With the launch of the fourth-generation iPad Air in 2020, we're expecting the next tablet in Apple's mid-range line of iPads to be the iPad Air 5, perhaps making an appearance in 2021.
The first three generations of iPad Air had all sported a fairly similar look, but the iPad Air 4 brought a design overhaul to the series, moving it from merely being a larger entry-level iPad into effectively an 'iPad Pro Lite' device. The 2020 iPad Air hit the shelves with a modern-looking design, generous processing power and a side-mounted fingerprint scanner, but without some of the premium features that make the iPad Pro the top-dog tablet.
So what could the iPad Air 5 bring? Another design update? Improvements to the screen? An extra camera? With rumors surrounding the tablet lacking, we don't yet know what form it will take. We can, however, at least put forth a wishlist of what we'd like Apple's next generation of tablet to look like.
This includes fixes to some of the iPad Air 4's niggles, some new features missing from the current edition, and plenty more.
Cut to the chase
- What is it? The next generation in Apple's mid-range tablet line
- How much will it cost? Likely around $599/£579/AU$899
- When will it be out? Possibly late 2021 or 2022
iPad Air 5 release date and price
Apple doesn't generally keep to a yearly release schedule for its iPad Air line, but it we can at least assume that the release of a new model won't happen before October 2021 at least, a year after the launch of the iPad Air 4.
However, the next iPad Air could be launched later than that, so if you're thinking of buying a new tablet now, then the iPad Air 4 will be the latest model in this line for some time to come.
Price-wise, the iPad Air 4 costs $599/£579/AU$899 for a model with 64GB of storage, with prices going up for more storage or cellular connection. We could see prices for the iPad Air 5 in the same ballpark.
What we want to see
Here's what we want to see in the next iPad Air model.
Generous storage options
The iPad Air 4 is available with two storage options: 64GB, which is unlikely to be enough for most users; and 256GB, which is quite a bit more expensive.
Most tablets come with 128GB, because it caters well to the majority, and would work well with iCloud (or your cloud storage tool of choice) for those who require extra storage still.
We'd like to see the iPad Air 5 arrive with 128GB of storage, with Apple dropping the 64GB option entirely. The latter may be a suitable provision for entry-level iPads, but is unlikely to ever be sufficient for the types of power-users who would be investing in the iPad Air.
Improved selfie camera
We took issue with the iPad Air 4's selfie camera – a 7-megapixel unit, it wasn't great for video calling, taking selfies, or recording video of yourself.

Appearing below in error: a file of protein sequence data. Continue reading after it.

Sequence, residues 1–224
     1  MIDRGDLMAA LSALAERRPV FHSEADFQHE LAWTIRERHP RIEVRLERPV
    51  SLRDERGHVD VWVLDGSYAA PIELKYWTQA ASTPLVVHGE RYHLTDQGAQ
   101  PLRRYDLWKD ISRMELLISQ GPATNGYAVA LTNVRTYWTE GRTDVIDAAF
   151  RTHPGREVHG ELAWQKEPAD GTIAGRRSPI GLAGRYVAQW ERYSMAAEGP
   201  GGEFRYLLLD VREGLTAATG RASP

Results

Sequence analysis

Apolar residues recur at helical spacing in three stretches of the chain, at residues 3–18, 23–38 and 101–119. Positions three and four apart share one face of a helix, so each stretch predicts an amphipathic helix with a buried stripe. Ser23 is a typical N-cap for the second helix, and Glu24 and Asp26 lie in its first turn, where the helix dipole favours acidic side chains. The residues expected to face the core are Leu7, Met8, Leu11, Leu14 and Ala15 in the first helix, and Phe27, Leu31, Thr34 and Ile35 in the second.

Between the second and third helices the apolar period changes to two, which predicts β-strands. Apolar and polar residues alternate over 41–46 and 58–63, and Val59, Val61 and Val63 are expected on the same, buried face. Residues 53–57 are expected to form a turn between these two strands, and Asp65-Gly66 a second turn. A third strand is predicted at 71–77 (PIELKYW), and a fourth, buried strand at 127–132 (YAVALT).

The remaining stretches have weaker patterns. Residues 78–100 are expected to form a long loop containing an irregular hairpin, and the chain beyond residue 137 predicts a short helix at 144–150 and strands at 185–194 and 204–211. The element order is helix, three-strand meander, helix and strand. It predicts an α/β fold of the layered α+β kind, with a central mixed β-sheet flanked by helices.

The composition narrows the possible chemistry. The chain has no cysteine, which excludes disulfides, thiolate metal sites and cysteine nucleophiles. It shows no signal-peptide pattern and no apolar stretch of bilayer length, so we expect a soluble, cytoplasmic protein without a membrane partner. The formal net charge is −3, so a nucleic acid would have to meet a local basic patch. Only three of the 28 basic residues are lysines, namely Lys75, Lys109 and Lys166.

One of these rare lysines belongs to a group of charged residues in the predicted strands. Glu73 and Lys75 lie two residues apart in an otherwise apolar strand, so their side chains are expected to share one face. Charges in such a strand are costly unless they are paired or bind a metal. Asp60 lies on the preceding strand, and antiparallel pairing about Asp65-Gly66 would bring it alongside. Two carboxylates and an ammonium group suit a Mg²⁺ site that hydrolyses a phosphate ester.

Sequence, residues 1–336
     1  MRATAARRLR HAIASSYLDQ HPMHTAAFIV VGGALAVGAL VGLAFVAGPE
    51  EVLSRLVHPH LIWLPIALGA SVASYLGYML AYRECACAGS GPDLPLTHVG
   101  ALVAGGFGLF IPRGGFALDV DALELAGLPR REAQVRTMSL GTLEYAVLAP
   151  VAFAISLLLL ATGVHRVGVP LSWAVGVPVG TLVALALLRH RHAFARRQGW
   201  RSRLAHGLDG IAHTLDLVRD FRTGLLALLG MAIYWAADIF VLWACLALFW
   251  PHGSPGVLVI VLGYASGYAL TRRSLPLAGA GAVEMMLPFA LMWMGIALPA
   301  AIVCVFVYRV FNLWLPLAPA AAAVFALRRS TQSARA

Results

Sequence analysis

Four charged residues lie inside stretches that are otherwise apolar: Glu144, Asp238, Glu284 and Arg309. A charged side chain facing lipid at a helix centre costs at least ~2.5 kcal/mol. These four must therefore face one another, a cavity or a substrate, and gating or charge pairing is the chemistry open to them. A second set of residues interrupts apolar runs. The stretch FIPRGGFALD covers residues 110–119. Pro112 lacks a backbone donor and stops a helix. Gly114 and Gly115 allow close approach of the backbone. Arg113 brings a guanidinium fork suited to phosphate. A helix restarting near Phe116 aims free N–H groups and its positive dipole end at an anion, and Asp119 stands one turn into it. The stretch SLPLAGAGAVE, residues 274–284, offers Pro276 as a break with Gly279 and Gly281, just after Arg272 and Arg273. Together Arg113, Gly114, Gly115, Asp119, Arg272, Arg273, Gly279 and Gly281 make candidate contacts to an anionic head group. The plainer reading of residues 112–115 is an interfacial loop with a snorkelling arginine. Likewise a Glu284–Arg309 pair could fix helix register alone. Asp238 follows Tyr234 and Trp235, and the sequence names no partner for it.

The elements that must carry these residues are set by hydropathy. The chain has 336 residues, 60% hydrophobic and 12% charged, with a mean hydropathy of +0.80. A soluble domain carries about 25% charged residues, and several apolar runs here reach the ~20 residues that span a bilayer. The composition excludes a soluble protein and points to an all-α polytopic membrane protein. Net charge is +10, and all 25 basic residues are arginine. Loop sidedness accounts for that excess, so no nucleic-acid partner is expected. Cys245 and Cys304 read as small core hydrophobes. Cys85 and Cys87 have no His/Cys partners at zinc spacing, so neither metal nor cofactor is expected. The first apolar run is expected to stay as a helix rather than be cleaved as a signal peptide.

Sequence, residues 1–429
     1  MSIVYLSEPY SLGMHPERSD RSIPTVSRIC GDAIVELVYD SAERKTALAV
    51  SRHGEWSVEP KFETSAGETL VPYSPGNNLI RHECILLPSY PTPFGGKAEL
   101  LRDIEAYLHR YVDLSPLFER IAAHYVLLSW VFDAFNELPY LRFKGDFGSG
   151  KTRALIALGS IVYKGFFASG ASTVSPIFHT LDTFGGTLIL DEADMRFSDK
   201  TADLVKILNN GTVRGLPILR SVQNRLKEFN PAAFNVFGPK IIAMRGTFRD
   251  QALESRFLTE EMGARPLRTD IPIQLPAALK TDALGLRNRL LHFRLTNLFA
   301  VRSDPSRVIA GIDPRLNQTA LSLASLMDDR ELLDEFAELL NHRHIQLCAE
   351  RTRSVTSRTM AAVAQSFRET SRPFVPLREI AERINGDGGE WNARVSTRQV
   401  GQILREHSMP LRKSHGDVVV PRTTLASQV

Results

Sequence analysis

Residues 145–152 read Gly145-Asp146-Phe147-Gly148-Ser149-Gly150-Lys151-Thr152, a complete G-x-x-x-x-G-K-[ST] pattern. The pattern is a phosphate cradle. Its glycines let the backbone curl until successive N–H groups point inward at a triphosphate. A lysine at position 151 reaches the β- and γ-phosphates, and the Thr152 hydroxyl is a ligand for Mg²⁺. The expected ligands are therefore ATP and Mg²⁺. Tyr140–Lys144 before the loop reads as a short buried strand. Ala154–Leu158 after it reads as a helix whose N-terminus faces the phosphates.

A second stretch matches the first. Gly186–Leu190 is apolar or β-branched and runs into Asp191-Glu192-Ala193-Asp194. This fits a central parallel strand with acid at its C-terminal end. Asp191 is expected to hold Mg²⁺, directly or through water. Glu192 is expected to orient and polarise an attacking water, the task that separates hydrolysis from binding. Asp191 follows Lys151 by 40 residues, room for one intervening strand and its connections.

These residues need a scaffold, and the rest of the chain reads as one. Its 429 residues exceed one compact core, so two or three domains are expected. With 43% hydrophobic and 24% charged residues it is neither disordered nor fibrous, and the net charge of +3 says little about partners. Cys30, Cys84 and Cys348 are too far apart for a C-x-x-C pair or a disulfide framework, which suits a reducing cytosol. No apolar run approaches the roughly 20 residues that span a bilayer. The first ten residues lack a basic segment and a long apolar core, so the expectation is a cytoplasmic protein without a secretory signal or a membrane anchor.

Bumping up those numbers to a 10- or 12-megapixel unit would make the selfie camera more useful. Better still would be the inclusion of iPhone selfie technology.
Even more color choices
We were pleased to see Apple offer the iPad Air 4 in a range of color options. In particular, we liked the addition of the pastel shades.
The iPad Air 4's battery lasted around 10 hours of use. This is similar to that offered by the majority of iPads; 9-12 hours is the quoted figure for general use. If you're using your iPad to watch movies in bed, or work in coffee shops from time-to-time, this is totally acceptable.
However, if you're a creative using your iPad on a film shoot, a businessperson trying to work on a long-haul flight, or a parent looking to entertain your kids on a long car ride, then you may struggle with that amount.
We'd like to see the iPad Air 5 boost battery life, or at least include software optimizations that keep the device ticking over for longer.
Better iPad widget handling
This is more a problem with iPadOS 14 and Apple's software, than iPad hardware, but it's a change we'd welcome.
One of the key features of iOS 14 is the ability to create widgets based on your apps, and leave them on the home screen for easy use. In iPadOS, you can only add these widgets to a carousel on the 'main' home page, making them difficult to find if you have lots of apps, and therefore much less useful.
We'd like to see iPadOS 14 improved so you can add widgets to your home menu wherever you like, not just in the same position.
The iPad Air 4 and iPad Pro designs don't sport the huge bezels of the entry-level iPad and iPad Mini, but there remains a pretty chunky border separating the screen from the edge of the tablet.
A thinner bezel around the iPad Air 5 would offer an improvement to the design, making the tablet's body size more closely match its screen size. This isn't a deal-breaking demand, which is the reason it sits last on this, but thinner bezels always look better – and this is a wish-list, after all.